The Heyns Reading Room, home to new issues of journals and newspapers and featuring the painting Washington Rallying the Troops at Monmouth (1853) by German-American artist Emanuel Gottlieb Leutze

The Germanic Collections have been built through a combination of extensive acquisition through the purchase of new, commercially-available and antiquarian materials, and also the generous donations of both individuals and research institutions. The collections have additionally benefited from numerous federal and private enrichment grants, many of which have been used to strengthen the Library’s holdings of rarely-held ephemeral materials. Beyond UC Berkeley, our students and faculty have good access to further resources through user privileges at the libraries of Stanford University and the other UC campuses.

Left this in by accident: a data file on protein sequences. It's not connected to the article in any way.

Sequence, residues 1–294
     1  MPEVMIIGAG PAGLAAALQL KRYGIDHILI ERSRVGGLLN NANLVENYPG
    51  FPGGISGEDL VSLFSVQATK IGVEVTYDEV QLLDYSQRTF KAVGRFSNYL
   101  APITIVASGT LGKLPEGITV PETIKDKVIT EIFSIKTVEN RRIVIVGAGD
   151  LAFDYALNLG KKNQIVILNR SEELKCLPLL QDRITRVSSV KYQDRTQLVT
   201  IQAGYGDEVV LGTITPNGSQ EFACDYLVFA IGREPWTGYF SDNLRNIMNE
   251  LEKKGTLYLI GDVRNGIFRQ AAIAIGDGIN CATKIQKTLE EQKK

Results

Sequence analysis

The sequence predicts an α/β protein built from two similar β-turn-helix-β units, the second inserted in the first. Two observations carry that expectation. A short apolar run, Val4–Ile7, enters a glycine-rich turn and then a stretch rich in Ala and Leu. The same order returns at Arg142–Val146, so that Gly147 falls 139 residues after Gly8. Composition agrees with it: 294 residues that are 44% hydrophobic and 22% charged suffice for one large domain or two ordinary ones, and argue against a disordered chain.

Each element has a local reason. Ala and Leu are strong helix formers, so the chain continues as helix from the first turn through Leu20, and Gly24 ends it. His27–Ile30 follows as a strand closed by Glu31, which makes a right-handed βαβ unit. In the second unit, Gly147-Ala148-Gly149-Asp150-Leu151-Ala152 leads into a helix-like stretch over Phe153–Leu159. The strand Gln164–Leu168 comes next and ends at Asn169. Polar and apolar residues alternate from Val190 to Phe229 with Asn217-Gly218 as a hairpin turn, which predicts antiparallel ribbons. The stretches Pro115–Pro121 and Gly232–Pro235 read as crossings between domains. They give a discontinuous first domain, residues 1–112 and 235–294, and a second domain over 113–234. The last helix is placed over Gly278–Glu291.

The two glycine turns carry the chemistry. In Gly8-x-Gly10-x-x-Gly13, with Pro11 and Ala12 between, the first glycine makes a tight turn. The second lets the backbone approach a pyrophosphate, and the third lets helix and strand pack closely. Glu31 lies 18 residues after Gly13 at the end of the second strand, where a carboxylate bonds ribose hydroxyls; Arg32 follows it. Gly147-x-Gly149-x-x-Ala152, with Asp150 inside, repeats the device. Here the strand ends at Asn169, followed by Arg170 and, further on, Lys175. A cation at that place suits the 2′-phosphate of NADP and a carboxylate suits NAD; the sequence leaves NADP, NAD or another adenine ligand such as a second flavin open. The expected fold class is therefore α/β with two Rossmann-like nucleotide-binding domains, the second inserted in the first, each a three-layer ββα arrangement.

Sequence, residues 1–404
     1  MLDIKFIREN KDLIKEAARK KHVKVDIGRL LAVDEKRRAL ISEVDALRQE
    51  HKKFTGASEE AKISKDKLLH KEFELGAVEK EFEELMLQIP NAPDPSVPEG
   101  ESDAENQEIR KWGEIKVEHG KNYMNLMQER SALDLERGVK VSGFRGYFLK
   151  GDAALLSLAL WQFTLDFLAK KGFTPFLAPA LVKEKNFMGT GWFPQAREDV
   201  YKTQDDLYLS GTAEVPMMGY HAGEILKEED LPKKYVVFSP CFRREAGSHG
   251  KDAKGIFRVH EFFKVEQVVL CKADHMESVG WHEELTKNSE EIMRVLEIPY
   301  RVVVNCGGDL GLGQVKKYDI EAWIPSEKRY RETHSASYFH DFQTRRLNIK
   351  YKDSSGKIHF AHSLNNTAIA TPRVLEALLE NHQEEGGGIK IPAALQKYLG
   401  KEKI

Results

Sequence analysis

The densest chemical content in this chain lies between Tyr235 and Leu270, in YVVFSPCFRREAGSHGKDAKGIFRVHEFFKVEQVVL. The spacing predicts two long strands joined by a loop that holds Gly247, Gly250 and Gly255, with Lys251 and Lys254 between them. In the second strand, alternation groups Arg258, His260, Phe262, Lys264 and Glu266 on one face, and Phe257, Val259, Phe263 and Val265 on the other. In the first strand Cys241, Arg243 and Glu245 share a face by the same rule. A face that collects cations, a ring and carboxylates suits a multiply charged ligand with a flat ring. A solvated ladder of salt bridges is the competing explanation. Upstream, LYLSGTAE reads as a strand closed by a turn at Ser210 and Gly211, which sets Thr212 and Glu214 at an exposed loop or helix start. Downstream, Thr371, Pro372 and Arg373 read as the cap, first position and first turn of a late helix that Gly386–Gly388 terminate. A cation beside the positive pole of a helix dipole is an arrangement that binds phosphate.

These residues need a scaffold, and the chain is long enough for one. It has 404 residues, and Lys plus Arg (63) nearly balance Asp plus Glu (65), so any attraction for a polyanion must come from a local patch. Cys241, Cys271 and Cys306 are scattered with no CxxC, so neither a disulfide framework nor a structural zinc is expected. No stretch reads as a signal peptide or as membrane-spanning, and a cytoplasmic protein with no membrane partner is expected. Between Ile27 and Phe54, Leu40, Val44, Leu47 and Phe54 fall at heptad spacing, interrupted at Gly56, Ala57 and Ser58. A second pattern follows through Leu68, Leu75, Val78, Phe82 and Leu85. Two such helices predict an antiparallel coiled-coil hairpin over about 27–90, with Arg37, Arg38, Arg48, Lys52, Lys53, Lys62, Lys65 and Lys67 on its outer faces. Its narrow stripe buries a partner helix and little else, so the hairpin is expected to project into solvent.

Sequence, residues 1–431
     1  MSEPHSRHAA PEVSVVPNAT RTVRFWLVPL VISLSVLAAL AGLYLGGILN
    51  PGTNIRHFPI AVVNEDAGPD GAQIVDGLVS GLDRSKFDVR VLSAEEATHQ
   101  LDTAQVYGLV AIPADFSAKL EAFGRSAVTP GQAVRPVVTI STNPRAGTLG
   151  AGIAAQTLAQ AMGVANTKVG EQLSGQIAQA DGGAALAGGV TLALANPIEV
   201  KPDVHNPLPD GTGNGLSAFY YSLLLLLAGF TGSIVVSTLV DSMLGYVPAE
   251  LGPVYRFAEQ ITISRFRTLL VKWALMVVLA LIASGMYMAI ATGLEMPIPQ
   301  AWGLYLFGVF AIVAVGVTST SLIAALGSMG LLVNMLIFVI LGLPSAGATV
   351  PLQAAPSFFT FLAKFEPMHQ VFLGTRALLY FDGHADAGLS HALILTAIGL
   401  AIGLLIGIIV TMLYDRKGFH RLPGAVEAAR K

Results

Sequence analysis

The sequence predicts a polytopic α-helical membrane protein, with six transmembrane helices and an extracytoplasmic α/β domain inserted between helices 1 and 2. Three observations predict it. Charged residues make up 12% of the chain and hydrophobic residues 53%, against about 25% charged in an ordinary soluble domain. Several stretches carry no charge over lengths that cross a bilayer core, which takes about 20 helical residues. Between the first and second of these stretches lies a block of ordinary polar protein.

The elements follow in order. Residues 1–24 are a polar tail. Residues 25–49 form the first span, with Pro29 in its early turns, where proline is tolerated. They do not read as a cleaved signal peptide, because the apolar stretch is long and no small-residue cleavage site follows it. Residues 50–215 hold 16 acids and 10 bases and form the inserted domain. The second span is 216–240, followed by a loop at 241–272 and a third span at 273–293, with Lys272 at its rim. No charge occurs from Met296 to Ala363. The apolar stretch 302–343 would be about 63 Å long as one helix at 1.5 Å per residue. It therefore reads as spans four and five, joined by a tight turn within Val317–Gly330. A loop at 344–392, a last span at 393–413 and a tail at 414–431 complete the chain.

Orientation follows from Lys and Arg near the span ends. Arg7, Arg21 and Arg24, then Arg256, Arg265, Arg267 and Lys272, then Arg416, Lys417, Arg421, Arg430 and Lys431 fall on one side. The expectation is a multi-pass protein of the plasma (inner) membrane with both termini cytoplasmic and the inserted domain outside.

Librarian Jeremy Ott is in charge of the Germanic Collections. He is available to assist members of the Department of German and other members of the university community with research questions and book acquisition requests. Please direct your purchase suggestions and questions to him or use the online purchase recommendation form. For general information on library use, please see the “Using the Libraries” guide.

Old books collection


Special Collections